Date: 27th April 2012 at 4:31pm
Written by:
Sir Alex Ferguson Blackpool

Fergie - can he outwit Mancini on Monday?

Looking over Sir Alex Ferguson’s CV it’s pretty hard to be anything but full of praise for a manager who’s not only delivered trophy after trophy, but also managed to rebuild, great side after great side.

Pep Guardiola’s decision to quit Barcelona at the very top, simply illustrates how difficult a task it is to reconstruct an ageing side, even one full of superstars. Sir Alex has defied his critics for almost three decades, from the “three years of excuses and its still crap” through to quashing the challenge of the ‘Invincibles’ and the ‘Chelski revolution.’

With twelve league titles, two Champions Leagues, five FA Cups and four league cups plus a cup winner’s cup, and various other trophies, it’s pretty hard to argue with the case for Fergie being the greatest manager of all time.

Yet there is one area where some, including myself, have questioned the great man, a facet of his managerial reign that sometimes isn’t quite at the same level of excellence as the rest. His tactics. That may sound like blasphemy -or at least a bit of spoiled rotten behaviour- and perhaps it is, but only because Sir Alex has raised the expectations so much at United that some of us, dare to be critical when we see areas we know could improve.

Overrall Sir Alex has tactically got it right, far more than he’s got it wrong, of that there can be little doubt. There have been times though when I’m sure I haven’t been alone in thinking “how could he have been so naive?” Chelsea’s victory over Barcelona – well one win and a draw- in the Champions League, like Internazionale’s two years prior, underlined the fact that the Catalans aren’t unbeatable. With the right tactics and admittedly a slice of good fortune Barca can be beaten. Yet in the two finals we’ve played them in we haven’t even made a game of it, let alone looked like winning, with a severe lack of ideas on both how to combat their attacks and how to create our own. I know we scored at Wembley and had them shook up in the first ten minutes in Rome, but were we really ever in those matches? Did we ever truly look like winning? Not really.  I’m also fully aware we overcame them in 2008, but I feel they weren’t at quite the same level then and also Carlos Queiroz had a big part in United’s tactics, something Gary Neville has stated in his book ‘Red.’

I know this sounds harsh but my point is that the only real criticism left to level at Fergie is sometimes his tactics fail him and the derby at Old Trafford earlier this season was a case in point. So many mistakes were made during the game that can be attributed to the manager it was without a doubt his worst day at the office. Why was David Silva consistently given so much space? Why did Sir Alex wait twenty minutes after Evans was sent off before bringing on Phil Jones when it was obvious we were struggling? What was the sense in bringing Nani off for Chicharito with Valencia on the bench? The same applied in the FA Cup derby game, yes United won but was bringing Scholes on at 3-1 after six months out and with City suddenly looking dangerous such an inspired move? Why was Welbeck taken off when he was playing so well? I could ask the same question regarding Scholes at Anfield but let’s not turn this into a rant.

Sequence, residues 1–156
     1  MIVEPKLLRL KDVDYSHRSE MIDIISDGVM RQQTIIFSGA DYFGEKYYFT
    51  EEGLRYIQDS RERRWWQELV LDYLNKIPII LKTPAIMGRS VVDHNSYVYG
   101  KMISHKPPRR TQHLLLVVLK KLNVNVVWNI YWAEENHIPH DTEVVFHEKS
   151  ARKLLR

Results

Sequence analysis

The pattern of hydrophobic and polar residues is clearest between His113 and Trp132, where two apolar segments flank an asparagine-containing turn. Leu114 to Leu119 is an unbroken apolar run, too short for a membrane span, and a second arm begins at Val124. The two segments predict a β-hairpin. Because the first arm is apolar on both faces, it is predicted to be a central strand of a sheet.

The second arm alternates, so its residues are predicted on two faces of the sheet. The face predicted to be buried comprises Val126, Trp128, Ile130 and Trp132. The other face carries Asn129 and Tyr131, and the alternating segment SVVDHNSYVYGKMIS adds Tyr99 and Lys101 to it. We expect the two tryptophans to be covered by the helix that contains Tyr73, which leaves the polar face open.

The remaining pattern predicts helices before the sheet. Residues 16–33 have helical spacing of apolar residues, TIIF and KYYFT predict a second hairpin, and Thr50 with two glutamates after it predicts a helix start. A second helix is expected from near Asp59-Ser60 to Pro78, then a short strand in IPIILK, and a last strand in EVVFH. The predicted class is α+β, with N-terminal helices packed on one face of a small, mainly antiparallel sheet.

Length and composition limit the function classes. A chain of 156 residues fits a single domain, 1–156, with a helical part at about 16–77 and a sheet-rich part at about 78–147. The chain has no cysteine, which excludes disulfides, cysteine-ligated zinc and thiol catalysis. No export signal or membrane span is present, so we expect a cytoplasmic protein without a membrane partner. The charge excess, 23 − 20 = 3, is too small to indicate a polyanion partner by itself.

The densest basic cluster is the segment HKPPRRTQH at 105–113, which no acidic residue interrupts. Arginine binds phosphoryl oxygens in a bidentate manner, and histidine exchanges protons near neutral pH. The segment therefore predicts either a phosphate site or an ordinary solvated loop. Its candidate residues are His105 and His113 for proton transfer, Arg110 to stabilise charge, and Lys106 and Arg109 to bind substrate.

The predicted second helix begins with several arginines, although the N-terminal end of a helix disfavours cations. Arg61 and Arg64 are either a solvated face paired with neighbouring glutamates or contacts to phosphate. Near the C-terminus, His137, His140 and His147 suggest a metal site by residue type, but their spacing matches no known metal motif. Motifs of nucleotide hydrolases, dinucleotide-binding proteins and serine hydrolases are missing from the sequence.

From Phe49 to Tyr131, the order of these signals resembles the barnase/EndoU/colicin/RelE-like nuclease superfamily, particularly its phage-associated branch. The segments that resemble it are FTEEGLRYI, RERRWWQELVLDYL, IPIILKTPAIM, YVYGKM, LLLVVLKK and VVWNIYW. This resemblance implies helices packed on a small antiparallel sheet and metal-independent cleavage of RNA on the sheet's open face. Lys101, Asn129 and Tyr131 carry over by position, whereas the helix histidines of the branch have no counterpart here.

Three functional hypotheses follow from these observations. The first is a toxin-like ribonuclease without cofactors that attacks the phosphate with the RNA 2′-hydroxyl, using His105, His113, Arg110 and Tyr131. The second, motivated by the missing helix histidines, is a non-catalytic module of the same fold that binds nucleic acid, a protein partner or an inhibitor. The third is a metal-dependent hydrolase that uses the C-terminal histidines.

Some ABU’s claim Sir Alex’s record of two Champions Leagues after so many titles shows he’s not quite as tactically astute as other top European managers. While I’m not so sure that’s wholly fair, after all the three foreigner rule killed us in the early 90s while we were robbed by a linesman in 2004 and injuries in 2007. There is at least room for debate though, and next Monday’s game gives Sir Alex the perfect opportunity to prove his last few detractors wrong.

If , I’m almost loathe to even think it, City win on Monday, then yet again some people may call into question Sir Alex’s tactics, particularly when it comes to the biggest games of the season.

If United can go to Eastlands, against a fully fit City side that need a win, and come away from the game with something, then I feel Fergie may have just proven once and for all that he’s still capable of outwitting his opponents when he really needs to.

Too harsh or valid points? Answers on a brick through the usual window please :


One response to “Time For Sir Alex To Silence His Critics At Eastlands”

  1. Anneeq Anwar says:

    Firstly about Carlos Quieros, he is MASSIVELY over rated. His status was inflated because of our win against Barca, at a time when Frank Rijkaard was under a lot of heat and they only had the Champions League to fight for. I think we give the guy FAR too much credit for that win.

    One thing i do blame Sir Alex for is the teams’ performance over the years, they’ve been dreadful viewing!! I cant think of a period where we totally dominated opposition for at least 5 games and had a performance to match the dominance. We’ve slowly become the Italian team dressed in Red that to me is the real dissapointment, hes obviously installed this tactic into our play. We dont play like champions any more and thats worrying! We seem to be forever grinding results out, and thats not what Man Utd is about.

    Also there seems to have been a failure to plan ahead properly with respect to replacing Scholes and Giggs. Both are 40 or there abouts and we havent got anyone whos 100% certain to take their place. Whilst we’ve wasted a lot of time with Cleverley, i think we’d have been better off using one of academy jewels Matty James. To me he seems to be more creative in midfield than Cleverley.